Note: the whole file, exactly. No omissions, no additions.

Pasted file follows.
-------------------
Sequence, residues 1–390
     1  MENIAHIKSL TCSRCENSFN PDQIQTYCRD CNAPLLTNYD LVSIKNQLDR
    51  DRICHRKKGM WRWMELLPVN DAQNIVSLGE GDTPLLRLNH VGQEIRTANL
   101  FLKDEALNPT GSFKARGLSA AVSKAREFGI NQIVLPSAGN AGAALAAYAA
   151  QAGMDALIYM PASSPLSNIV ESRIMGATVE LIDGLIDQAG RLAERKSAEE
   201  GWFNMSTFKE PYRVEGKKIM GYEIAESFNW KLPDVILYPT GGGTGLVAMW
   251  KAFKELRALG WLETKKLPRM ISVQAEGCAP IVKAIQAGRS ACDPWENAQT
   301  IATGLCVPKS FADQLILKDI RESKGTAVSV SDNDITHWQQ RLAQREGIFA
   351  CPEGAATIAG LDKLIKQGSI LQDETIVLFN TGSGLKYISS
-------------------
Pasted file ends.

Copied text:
Sequence, residues 1–390
     1  MENIAHIKSL TCSRCENSFN PDQIQTYCRD CNAPLLTNYD LVSIKNQLDR
    51  DRICHRKKGM WRWMELLPVN DAQNIVSLGE GDTPLLRLNH VGQEIRTANL
   101  FLKDEALNPT GSFKARGLSA AVSKAREFGI NQIVLPSAGN AGAALAAYAA
   151  QAGMDALIYM PASSPLSNIV ESRIMGATVE LIDGLIDQAG RLAERKSAEE
   201  GWFNMSTFKE PYRVEGKKIM GYEIAESFNW KLPDVILYPT GGGTGLVAMW
   251  KAFKELRALG WLETKKLPRM ISVQAEGCAP IVKAIQAGRS ACDPWENAQT
   301  IATGLCVPKS FADQLILKDI RESKGTAVSV SDNDITHWQQ RLAQREGIFA
   351  CPEGAATIAG LDKLIKQGSI LQDETIVLFN TGSGLKYISS